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Will You Have to Pay Taxes on Frequent Flier Miles?

Comstock Images/Thinkstock(NEW YORK) -- When Citibank sent a 1099 form to customers who had received American Airlines frequent flier miles for opening a checking or savings account last year, customers, travelers, and even certified public accountants were confused. Many were left wondering if they had to pay taxes on the miles.

As it turns out, travelers do not have to pay taxes on earned frequent flier miles because they’re considered a rebate for money spent.  But miles received when opening a checking or savings account, on the other hand, are considered a gift.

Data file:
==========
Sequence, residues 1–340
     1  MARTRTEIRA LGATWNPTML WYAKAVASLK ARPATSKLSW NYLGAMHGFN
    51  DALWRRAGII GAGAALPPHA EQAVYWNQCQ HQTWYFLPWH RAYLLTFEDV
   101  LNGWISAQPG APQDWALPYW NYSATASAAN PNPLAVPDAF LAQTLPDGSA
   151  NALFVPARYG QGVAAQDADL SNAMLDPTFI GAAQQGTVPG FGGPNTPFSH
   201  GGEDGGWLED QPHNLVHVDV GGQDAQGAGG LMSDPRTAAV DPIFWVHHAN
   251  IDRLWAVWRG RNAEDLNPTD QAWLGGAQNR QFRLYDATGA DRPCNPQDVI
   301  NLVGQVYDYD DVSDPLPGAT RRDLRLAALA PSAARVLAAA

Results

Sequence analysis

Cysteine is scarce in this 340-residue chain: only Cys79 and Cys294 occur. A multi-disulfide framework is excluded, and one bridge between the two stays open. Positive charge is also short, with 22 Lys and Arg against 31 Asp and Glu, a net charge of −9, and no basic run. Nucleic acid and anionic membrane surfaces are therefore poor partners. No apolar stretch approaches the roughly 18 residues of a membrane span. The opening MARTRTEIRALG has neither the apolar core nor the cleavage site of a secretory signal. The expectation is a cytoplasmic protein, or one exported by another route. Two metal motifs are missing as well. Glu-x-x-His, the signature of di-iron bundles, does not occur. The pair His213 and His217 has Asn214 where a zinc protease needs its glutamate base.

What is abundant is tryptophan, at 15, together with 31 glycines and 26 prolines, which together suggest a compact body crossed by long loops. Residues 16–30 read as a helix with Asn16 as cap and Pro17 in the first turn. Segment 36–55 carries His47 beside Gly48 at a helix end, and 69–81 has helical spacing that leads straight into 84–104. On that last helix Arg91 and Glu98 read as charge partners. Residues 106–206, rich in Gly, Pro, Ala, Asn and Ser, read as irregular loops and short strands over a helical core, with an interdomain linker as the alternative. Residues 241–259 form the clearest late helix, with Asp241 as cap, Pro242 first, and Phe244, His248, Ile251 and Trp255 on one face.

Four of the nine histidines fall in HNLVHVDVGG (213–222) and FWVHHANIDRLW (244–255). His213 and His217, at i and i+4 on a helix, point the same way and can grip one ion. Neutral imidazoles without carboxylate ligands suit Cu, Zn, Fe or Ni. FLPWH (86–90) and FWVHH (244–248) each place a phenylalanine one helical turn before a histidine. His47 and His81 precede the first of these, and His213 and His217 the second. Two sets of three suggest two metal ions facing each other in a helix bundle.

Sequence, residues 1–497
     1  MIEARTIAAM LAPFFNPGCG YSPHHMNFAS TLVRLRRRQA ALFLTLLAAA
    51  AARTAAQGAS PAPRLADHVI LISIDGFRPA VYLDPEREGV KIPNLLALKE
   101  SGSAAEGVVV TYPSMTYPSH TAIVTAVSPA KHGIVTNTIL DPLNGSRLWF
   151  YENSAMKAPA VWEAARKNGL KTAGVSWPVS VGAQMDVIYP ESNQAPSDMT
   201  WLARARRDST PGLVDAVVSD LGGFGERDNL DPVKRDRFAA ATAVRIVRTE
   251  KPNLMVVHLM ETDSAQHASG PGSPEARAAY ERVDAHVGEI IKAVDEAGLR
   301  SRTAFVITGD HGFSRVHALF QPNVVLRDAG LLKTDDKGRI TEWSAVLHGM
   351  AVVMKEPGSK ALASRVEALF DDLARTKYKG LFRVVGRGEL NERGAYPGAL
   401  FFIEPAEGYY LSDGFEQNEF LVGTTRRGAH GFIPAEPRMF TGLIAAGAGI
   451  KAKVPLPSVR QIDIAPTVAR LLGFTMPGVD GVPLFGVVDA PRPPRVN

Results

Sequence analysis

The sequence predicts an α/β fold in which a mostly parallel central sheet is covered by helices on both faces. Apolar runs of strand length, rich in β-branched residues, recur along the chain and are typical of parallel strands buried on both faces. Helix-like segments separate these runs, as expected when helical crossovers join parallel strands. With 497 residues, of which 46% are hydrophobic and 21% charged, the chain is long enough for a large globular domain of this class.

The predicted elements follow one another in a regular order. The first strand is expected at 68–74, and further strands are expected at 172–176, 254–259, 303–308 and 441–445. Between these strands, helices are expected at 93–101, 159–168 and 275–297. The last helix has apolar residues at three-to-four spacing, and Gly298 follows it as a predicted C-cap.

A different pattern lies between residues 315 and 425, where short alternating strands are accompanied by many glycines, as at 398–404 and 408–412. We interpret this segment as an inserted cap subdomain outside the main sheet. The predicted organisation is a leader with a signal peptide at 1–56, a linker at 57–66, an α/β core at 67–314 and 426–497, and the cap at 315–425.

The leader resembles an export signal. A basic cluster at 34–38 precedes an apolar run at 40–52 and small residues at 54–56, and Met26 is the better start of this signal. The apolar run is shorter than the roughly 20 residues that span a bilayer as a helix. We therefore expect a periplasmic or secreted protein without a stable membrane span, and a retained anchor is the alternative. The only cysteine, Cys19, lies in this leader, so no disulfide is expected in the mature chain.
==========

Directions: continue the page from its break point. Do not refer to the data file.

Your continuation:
So what’s the difference?  The Los Angeles Times attempted to get to the bottom of the confusion quoting an Internal Revenue Service spokeswoman as saying, “A common analogy is buying a $500 television at a retail store and receiving a $50 manufacturer’s rebate.  It’s not income, just a deemed reduction of the cost of the television.”

In contrast, being awarded miles for opening a checking or savings account requires no spending on the customer's end.

If you received miles for opening any kind of account last year and are confused on whether you owe Uncle Sam, make sure to bring it up with your accountant when tax time rolls around.

Copyright 2012 ABC News Radio

ABC News Radio